PCOS is a common endocrine disorder that women all over the world experience. While its root cause is unknown, the research largely points to certain lifestyle factors and dietary choices. The symptoms include excess male hormones, irregular periods, and in many cases, infertility. Because there is no known cause, treating PCOS relies on a holistic approach.
Supplements for PCOS are widely available and include anything from minerals to vitamins to plant-based adaptogens, teas, and trace elements. Knowing what’s right your body isn’t easy. If you followed all the PCOS treatment advice out there, you’d be on the birth control pill, taking a diabetes drug, and have at least 20 different supplements stacked in your cupboard. You need to be as direct, realistic, and safe as possible in your approach to treating PCOS. Consider these two important points when you’re shopping for a supplement: your PCOS type and your lifestyle.
In this article, we’ll discuss the four different types of PCOS and what drives each one. We’ll also touch on what lifestyle factors may be exacerbating your symptoms. Then we’ll look at 10 evidenced-based supplements for treating PCOS, and how they impact specific drivers and symptoms of PCOS.
Best PCOS Supplements - 10 Solutions for Hormones, Fertility, & More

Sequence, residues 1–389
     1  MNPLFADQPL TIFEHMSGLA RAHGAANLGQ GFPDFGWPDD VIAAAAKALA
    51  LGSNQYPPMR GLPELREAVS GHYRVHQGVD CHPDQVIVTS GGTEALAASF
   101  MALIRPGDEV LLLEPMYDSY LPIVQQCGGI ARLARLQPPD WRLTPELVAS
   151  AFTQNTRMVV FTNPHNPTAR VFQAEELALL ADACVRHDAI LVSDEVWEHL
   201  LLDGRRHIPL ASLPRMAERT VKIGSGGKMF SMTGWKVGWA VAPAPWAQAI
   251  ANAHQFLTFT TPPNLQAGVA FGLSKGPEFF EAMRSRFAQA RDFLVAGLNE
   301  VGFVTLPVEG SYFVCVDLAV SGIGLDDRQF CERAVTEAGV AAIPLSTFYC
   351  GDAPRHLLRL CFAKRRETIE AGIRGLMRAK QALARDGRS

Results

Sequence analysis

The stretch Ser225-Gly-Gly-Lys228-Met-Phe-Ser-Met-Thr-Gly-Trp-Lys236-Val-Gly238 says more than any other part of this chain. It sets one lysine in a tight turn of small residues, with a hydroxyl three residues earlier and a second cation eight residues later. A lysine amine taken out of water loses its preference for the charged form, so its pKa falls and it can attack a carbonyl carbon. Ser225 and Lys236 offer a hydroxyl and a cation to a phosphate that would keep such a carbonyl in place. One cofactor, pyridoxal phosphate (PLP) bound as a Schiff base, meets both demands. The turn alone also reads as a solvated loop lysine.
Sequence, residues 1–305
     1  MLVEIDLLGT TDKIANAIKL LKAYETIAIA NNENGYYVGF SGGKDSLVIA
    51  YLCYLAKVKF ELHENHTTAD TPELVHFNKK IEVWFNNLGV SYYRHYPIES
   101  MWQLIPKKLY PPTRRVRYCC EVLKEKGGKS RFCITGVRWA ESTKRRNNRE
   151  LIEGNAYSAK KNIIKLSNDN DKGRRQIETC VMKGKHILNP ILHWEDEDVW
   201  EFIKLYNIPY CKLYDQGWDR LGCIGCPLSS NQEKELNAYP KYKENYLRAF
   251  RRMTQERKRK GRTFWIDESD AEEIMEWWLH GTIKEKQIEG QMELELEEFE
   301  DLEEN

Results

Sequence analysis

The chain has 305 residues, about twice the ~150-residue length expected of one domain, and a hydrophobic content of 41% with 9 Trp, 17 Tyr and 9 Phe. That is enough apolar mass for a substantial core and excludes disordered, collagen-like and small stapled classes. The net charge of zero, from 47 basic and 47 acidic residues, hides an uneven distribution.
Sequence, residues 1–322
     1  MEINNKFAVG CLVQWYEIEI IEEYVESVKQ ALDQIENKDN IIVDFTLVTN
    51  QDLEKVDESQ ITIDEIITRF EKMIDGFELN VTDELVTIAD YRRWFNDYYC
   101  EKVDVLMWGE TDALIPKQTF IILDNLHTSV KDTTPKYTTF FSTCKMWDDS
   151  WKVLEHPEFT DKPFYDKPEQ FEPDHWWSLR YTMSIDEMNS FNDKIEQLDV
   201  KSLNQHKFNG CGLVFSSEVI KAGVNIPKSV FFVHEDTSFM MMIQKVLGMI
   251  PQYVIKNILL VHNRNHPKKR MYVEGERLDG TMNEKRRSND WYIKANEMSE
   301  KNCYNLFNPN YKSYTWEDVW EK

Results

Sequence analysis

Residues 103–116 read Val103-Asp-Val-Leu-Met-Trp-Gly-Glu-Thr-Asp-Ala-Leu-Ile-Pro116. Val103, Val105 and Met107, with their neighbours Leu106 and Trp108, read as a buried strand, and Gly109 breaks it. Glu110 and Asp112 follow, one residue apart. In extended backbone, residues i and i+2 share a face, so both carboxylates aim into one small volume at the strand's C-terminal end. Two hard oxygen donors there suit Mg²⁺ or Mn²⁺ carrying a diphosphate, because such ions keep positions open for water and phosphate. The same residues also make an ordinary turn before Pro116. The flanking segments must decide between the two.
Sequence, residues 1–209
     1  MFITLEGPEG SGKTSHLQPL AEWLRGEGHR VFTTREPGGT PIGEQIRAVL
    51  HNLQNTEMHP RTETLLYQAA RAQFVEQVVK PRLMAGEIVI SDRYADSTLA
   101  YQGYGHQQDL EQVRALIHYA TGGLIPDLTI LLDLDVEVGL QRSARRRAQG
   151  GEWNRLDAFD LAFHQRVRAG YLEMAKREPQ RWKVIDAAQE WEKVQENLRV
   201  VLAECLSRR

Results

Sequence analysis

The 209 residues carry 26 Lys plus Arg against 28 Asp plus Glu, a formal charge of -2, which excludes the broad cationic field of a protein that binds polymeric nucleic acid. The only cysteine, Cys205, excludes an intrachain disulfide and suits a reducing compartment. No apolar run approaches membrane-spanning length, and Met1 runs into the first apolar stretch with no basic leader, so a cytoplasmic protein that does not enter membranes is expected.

You’re on the hunt for a good natural treatment for PCOS. But there are hundreds of PCOS supplements out there, an overwhelming number of blogs, but a shortage of science-backed info that’s not only accessible but relatable. There’s nothing that speaks specifically to your PCOS symptoms (because they’re not the same for all women).
You may have already realized that PCOS isn’t well-defined, so chances are, you’re not even sure that your diagnosis is correct. Further, if you were to follow all the advice out there, you’d be spending six digits a year on PCOS supplements, drowning in synthetic “treatments” or eating kale for breakfast, lunch, and dinner.
If you’re on the hunt for the best supplements for PCOS, we’ve got you covered––really. You don’t have the money or desire to take 15 different supplements for PCOS. That’s why we rated each one in order of potency and effectiveness for treating PCOS.
Consider the drivers and the type of PCOS you have when you’re reading this list. In some cases, what works for one type of PCOS well, won’t work for another. You must know what’s driving your PCOS and what the dominant symptoms of PCOS are. Your main goal in treating PCOS, regardless of type, is to restore regular ovulation. That means you have to get hormone happy because your periods aren’t going to regulate unless your hormones are balanced.
What is PCOS?
Polycystic ovary syndrome is a hormonal disorder that affects about 20% of women of reproductive age (1). It’s characterized by excess male hormones and ovulatory dysfunction. In most cases, you’ll recognize those markers as acne or facial hair and irregular periods. Just when you thought life would be easier as a man it turns out that you actually want to get your period. Not only is a regular period a critical sign of overall health (that’s mind-body-soul health), it also means you have a much higher chance of getting pregnant.